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Nature

Saving the shark

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In July 2011 the Bahamas joined a small group of nations in becoming a shark sanctuary. With the global shark population in decline, conservationists are hoping others will follow suit. Continue Reading…

Latin America, Nature

The living museum

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Despite being taken of UNESCO’s List of World Heritage in Danger in 2010, the endemic species of the Ecuadorian Galápagos Islands still face serious threats.

Some call it a ‘living museum’ and a ‘showcase of evolution’. Some 600 kilometres west of Ecuador, a cluster of more than 100 islands house what is perhaps the most endemic group of species on earth. It’s a place where marine iguanas and giant tortoises hang out on volcanic rocks and beaches, next to a rare melting pot of marine life. But it’s also much more than that. Continue Reading…

Europe, Nature

Swimming with predators

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Killer whales have come to Norway’s north-western coast to feed for the last 20 winters. For the brave, it is a chance to watch a natural predator at (very) close range. 

 

The scenario may make you uneasy. In an ice-cold fjord in northern Norway, surrounded by snow-covered mountains and trees, you float just below the surface, armed only with a wet suit and snorkelling gear. The only escape route is the rubber boat you just jumped off. Below, a six-metre, five-tonne killer whale – known for feasting on seals, sea lions and even whales – glides so closely you can almost touch it. Continue Reading…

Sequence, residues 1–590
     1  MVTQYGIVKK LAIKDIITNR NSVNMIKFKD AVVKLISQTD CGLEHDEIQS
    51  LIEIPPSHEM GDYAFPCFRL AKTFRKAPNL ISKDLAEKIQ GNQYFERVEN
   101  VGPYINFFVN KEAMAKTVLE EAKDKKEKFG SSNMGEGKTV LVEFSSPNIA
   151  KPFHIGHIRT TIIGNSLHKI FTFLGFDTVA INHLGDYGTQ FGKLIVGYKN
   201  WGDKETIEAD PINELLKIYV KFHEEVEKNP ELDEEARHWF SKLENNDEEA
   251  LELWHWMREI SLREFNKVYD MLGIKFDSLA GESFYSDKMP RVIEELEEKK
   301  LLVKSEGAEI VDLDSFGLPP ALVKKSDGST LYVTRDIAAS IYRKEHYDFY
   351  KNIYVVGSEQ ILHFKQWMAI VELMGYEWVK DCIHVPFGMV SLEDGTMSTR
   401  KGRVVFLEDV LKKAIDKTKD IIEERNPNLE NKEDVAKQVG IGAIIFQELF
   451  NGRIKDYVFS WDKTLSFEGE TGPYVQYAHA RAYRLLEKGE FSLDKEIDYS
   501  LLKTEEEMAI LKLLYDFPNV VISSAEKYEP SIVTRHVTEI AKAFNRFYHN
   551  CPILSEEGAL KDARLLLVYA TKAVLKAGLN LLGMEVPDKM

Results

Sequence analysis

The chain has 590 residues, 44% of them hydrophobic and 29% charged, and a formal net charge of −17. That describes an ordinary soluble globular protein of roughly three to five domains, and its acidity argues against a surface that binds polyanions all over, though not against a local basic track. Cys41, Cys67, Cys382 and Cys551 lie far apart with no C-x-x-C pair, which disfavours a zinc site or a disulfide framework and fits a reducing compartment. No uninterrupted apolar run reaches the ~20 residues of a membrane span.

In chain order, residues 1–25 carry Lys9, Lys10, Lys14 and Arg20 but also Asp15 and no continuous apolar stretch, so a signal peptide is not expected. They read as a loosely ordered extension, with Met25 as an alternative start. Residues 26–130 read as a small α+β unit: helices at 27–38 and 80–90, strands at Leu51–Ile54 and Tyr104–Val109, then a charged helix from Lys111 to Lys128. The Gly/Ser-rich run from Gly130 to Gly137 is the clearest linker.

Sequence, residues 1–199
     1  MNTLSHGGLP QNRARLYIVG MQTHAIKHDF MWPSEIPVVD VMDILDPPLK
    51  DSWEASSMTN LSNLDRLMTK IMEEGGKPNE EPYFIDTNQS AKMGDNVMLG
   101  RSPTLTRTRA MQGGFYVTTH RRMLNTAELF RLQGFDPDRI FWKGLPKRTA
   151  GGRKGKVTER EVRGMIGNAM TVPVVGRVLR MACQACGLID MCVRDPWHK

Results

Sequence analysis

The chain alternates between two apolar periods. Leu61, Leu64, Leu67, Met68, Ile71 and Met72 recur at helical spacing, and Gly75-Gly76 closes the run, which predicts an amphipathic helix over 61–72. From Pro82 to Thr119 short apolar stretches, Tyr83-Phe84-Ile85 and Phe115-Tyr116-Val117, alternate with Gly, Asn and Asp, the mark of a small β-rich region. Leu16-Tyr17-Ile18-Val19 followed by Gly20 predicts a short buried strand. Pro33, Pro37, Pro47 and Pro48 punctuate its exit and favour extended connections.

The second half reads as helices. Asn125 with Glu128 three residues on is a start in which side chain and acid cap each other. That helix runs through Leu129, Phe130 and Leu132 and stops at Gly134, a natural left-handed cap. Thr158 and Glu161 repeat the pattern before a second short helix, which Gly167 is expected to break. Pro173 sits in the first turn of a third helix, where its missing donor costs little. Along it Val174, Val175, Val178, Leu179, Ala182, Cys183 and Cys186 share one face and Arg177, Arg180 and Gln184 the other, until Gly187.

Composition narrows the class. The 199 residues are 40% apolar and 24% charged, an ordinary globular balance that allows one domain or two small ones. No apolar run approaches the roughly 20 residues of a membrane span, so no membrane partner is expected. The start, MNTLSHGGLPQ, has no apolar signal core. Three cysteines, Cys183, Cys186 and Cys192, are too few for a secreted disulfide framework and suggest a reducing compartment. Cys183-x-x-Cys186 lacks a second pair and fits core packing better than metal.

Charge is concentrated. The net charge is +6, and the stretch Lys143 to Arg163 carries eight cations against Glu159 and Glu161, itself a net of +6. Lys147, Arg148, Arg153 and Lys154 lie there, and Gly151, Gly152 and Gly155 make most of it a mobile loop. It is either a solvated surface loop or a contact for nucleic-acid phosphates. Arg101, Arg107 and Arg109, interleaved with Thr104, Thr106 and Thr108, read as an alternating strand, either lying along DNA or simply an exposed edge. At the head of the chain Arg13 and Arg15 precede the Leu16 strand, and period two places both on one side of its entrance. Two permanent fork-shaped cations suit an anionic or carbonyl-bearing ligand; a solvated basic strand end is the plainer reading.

Australasia, Destinations, Nature

The slow march

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Each year, millions of red crabs migrate to the shores of Christmas Island to mate, creating one of the world’s natural wonders.

It can almost resemble a moving red carpet, gliding slowly but firmly across rocks, hills and roads. Each ‘wet season’, usually between October and December, a large portion of Christmas Island’s 120 million red crabs – or Gecarcoidea natalis – leaves the forest for the shores, instigating a synchronised five-kilometre pilgrimage that virtually crosses everything in its way. As the island’s 1,500 residents know all too well, the crabs do not like shortcuts. Continue Reading…